Doctor of Philosophy (PhD)
Conflict and Security
Faculty of Arts
Dr. Alistair Edgar
Many Western militaries now actively engage with various social media platforms. The starting point for my dissertation research was this question: how does the military use social media? Considering the Canadian Armed Forces’ use of Twitter as a case study, I collected over 14,000 tweets from four Twitter accounts of the Canadian Armed Forces (CAF), the Canadian Army, the Royal Canadian Navy, and the Royal Canadian Air Force with some tweets as old as September 2012 and the most recent tweets from December 2015. I employed Grounded Theory Method to analyze these tweets, which revealed four themes — organization, history, preparedness, and partnership. These themes create an image of CAF as a Canadian institution and a military one, as they speak to the many war and other combat operations that the Canadian Armed Forces have engaged in at the behest of the government. A literature review conducted simultaneously with the analysis uncovered the International Relations literature on strategic narratives and the Organizational/Military Studies literature on strategic communication. The main finding is that the Canadian Armed Forces are using social media for the strategic communication of government strategic narratives because the norms of civil-military relations require the military to follow government orders and prevent the military from using social media as intended because social media tend to be political whereas the military has to be “apolitical.” The military, thus, maintains an “apolitical” image by communicating what the government wishes it to communicate, even though the government’s narrative can be political. Government strategic narratives frame organizational strategic communication, while organizational strategic communication supports government strategic narratives.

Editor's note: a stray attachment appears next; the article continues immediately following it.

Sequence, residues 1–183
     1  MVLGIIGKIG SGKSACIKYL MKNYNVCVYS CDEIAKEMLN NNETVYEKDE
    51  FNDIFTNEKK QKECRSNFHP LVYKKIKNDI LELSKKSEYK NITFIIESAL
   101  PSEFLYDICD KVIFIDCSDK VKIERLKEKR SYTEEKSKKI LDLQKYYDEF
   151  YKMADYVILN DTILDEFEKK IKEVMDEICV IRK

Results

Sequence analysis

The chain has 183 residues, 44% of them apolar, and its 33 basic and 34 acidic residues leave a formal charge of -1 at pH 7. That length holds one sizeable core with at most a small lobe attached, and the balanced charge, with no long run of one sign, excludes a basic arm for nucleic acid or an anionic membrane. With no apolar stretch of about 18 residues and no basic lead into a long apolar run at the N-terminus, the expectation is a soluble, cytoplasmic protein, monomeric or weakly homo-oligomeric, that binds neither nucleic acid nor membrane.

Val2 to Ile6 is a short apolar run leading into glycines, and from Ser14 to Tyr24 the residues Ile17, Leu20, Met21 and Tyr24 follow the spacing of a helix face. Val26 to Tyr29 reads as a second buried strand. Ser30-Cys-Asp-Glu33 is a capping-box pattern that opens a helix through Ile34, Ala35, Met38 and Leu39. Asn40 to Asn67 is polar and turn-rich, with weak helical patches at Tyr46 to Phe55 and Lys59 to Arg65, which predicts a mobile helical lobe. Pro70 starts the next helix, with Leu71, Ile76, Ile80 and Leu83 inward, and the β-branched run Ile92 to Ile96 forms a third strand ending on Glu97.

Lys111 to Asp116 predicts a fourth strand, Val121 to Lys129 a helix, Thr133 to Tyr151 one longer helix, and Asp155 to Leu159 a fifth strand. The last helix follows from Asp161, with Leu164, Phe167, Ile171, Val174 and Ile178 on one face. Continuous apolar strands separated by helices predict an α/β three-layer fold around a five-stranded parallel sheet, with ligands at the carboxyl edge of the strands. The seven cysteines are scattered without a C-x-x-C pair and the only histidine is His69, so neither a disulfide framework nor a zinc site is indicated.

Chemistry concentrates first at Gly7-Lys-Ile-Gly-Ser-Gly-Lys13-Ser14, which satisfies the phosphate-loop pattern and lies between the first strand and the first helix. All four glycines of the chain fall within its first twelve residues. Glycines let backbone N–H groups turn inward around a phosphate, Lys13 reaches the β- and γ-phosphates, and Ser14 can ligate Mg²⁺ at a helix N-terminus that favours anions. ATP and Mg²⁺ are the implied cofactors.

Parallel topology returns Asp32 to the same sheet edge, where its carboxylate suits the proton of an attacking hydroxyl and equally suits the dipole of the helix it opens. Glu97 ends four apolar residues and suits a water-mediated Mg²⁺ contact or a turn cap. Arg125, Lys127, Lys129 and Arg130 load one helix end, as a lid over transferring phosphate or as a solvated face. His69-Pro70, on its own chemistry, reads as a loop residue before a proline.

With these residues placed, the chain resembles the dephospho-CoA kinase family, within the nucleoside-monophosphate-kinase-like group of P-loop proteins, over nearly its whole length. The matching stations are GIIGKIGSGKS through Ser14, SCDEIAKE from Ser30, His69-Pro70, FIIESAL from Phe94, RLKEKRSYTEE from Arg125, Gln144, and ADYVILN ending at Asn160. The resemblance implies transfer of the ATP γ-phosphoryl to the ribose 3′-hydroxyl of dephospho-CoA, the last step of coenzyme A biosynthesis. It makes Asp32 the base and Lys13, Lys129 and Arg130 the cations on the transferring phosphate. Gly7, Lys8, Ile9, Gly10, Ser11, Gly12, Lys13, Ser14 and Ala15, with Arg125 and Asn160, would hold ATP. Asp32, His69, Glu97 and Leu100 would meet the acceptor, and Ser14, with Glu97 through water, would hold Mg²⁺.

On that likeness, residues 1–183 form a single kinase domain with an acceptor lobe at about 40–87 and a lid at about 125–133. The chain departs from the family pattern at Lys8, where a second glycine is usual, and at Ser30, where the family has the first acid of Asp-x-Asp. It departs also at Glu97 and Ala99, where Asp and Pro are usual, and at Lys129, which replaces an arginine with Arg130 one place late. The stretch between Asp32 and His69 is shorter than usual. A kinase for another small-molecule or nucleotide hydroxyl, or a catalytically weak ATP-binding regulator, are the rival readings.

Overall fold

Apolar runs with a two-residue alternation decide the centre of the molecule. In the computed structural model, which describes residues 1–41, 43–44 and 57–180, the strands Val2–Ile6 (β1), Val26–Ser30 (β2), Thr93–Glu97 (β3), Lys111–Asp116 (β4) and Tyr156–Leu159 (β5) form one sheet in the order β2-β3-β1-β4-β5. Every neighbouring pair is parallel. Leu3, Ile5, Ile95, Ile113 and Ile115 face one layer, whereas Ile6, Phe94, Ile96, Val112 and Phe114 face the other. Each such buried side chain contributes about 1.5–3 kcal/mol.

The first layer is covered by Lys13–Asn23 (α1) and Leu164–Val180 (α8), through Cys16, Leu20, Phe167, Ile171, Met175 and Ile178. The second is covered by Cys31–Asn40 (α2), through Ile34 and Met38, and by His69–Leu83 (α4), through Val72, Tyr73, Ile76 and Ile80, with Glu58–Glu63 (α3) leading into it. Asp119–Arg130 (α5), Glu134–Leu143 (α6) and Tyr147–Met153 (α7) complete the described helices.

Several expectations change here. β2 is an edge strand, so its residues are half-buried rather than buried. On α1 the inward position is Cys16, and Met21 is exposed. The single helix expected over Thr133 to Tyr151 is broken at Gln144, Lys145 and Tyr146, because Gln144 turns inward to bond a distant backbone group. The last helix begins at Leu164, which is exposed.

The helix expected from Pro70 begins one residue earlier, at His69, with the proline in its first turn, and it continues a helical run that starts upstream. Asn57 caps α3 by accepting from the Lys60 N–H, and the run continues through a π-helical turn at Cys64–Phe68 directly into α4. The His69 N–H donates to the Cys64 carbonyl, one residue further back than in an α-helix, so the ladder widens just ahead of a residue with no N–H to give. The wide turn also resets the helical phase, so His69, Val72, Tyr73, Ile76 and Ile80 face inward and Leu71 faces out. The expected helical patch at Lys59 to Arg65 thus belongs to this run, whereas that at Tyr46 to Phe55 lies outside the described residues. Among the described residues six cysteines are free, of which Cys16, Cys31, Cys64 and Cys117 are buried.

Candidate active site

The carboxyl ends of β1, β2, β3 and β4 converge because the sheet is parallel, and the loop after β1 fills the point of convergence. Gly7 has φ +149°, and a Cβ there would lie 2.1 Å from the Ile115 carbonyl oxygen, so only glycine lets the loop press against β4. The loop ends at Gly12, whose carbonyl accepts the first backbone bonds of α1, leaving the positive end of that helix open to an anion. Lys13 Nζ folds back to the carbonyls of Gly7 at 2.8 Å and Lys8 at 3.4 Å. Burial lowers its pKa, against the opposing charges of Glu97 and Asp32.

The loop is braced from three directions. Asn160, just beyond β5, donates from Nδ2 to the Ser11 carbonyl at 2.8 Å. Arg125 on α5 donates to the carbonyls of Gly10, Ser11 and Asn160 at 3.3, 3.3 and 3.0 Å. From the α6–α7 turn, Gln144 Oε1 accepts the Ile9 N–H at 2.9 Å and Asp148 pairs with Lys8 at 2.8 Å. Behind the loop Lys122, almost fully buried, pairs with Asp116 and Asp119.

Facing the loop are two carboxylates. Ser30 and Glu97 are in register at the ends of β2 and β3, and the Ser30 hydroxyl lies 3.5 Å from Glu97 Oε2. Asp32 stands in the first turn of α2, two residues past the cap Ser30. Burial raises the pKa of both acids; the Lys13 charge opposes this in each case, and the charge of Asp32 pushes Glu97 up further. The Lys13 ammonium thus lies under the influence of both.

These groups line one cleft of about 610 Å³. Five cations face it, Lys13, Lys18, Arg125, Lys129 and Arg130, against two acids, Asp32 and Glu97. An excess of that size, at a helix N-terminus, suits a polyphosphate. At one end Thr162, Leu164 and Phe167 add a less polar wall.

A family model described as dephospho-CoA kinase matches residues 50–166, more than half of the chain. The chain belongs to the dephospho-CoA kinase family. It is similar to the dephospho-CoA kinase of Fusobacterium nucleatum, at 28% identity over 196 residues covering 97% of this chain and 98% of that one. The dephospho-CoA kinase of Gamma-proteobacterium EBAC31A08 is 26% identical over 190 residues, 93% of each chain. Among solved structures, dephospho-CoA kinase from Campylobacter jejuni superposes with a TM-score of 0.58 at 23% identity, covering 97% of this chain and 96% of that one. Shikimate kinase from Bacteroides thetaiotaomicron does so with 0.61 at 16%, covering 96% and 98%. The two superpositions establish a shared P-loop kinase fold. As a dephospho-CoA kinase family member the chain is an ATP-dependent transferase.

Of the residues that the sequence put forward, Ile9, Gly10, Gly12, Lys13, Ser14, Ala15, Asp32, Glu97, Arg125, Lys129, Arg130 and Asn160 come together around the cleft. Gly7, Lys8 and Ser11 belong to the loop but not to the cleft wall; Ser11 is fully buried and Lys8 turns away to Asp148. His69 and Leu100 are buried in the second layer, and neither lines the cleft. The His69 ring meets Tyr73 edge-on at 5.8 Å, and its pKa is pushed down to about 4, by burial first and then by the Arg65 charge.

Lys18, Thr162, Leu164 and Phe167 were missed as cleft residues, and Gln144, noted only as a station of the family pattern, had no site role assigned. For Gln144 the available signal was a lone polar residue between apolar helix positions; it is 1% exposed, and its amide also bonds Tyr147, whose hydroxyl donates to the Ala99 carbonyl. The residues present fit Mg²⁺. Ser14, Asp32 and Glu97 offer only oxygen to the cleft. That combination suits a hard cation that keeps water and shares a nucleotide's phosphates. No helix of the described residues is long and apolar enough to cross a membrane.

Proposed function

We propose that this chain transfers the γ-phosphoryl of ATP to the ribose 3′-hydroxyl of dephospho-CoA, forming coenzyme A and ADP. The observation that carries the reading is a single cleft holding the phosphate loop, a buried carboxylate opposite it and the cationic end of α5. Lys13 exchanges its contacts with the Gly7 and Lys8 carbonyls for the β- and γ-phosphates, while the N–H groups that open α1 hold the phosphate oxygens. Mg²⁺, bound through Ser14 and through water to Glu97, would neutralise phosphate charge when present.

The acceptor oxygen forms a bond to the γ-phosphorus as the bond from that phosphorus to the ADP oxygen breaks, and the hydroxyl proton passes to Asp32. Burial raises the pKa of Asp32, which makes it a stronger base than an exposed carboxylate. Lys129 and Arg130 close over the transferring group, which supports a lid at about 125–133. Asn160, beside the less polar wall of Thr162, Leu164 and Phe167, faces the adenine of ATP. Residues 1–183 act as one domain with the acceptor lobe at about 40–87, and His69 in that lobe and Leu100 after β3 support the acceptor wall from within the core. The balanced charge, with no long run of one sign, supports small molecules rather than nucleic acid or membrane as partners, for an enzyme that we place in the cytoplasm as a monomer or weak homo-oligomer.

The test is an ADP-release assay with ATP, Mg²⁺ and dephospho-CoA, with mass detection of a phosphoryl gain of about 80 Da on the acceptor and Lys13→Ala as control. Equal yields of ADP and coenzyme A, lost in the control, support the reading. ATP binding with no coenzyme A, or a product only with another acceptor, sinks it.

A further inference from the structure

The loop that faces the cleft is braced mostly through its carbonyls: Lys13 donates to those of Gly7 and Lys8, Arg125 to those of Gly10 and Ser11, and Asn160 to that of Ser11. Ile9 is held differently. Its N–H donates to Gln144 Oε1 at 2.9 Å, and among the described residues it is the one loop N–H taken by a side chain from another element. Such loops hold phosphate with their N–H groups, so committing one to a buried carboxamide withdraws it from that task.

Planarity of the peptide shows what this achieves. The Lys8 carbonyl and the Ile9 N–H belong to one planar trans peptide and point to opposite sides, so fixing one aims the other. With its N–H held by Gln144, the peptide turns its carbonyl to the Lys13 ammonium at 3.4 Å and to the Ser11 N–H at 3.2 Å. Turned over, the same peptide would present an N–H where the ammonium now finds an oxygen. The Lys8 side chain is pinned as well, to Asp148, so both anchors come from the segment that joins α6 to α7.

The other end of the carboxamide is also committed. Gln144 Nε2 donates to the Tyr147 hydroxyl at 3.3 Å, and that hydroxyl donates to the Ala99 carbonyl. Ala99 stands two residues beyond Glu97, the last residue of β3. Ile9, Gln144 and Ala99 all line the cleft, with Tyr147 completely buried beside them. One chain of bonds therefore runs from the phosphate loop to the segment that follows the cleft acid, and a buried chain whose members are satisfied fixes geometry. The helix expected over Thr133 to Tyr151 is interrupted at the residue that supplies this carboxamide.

Mangat, Rupinder, "Tweeting Strategy: Military Social Media Use as Strategic Communication" (2018). Theses and Dissertations (Comprehensive). 2071.